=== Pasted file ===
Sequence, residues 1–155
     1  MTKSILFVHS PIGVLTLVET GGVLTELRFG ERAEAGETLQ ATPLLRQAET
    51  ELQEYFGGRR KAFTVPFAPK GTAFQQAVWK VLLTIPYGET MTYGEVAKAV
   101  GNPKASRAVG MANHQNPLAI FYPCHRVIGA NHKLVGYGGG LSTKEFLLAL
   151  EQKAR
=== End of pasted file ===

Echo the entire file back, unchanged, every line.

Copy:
Sequence, residues 1–155
     1  MTKSILFVHS PIGVLTLVET GGVLTELRFG ERAEAGETLQ ATPLLRQAET
    51  ELQEYFGGRR KAFTVPFAPK GTAFQQAVWK VLLTIPYGET MTYGEVAKAV
   101  GNPKASRAVG MANHQNPLAI FYPCHRVIGA NHKLVGYGGG LSTKEFLLAL
   151  EQKAR